Kota Kinabalu 

KK 1.jpgkota_kinabalu_map

Map courtesy of Sabah Tourism.

I think the worst thing you can do in just about every destination is pick up the local tourist map and find out what there is to see. Every time I have done this I set off to see lame tourist attractions that I wouldn’t even consider at home never lone spend money on. I’ve learnt now.

Get the map so you can gather your bearings and put on your best walking shoes and set off. Gather some water in your day pack – you’ll need it. It’s humid in Kota Kinabalu – affectionately known as KK. The humidity was intensified by the dry season and the thick haze. Humidity that is so high that after a shower you have sweat at the back of your knees. Give me dry heat any day!

Kota Kinabalu is a wonderful city of over 600,000 residents. You will not feel this straight away and it may even be retrospectively that this appreciation is apparent. There are a number of expatriates living in KK. It is a major fishing port and of importance industrial and commercial city to Malaysia.

It was originally settled by Charles Jessel of the British North Borneo Company (BNBC) in the 15th century. The town was originally called Jesselton. With both colonisation and World War II, there is a rich and interesting history to the region.

I mentioned numbers of expatriates living in the city because with them comes a few westernised delights. Obviously when in Rome you do as Romans do and you will want to eat Malaysian Food. We did when we passed through KK on our way in. However, after 10 days in the jungle with no coffee, no milk and upset stomachs the opportunity of eating western food was too difficult to go past. You should of seen the kids devour milkshakes and icecream. We ate at El Centro. It has a blend of Mexican, American and Pizza. It was amazing!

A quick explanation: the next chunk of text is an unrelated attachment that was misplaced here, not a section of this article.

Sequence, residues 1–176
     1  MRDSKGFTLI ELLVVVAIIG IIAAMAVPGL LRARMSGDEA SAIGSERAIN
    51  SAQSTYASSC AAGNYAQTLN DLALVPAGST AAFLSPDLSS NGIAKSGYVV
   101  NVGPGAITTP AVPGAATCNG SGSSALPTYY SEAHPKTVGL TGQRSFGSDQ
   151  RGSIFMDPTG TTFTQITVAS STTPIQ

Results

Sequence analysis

We had lunch at Chilli Vanilla which I also recommend. There is a supermarket in the shopping centre nearby to Jesseton Wharf where you can buy Vegemite and other overseas deliveries. I would recommend this store for any good quality souvenirs you may want. I was taking home a stuffed toy and I wanted to make sure it was of good quality. This is your place.

The Night Market is worthy of a wander and exploration. The seafood here was very good. You will source cheap souvenirs here to take home.

Scuba and snorkelling trips from here can be as short as a day trip but most of the nearby islands have accomodation.

The Shangri-La has an orang-utan centre but I question if the purpose is to attract tourists or actually partake in valuable conservation work. Reviews say they were  closer to the Orang-utan here than in Sepilok. Personally an animal in the wild always wins and I think possibly just bad luck on their behalf.

The Sabah State Museum, the War Memorial and the Art Gallery are all worthy of visit. If you are into trains the North Borneo Railway is a trip down memory lane or an opportunity to think you are about to arrive at Hogwarts.

We stayed at the Dreamtel Hotel which is centrally located, clean rooms and good service. The outside of the hotel is a bit rough so take care in the evenings.

Would I go back? KK is a gateway to all that Sabah has to offer and I would love to explore more of Sabah.



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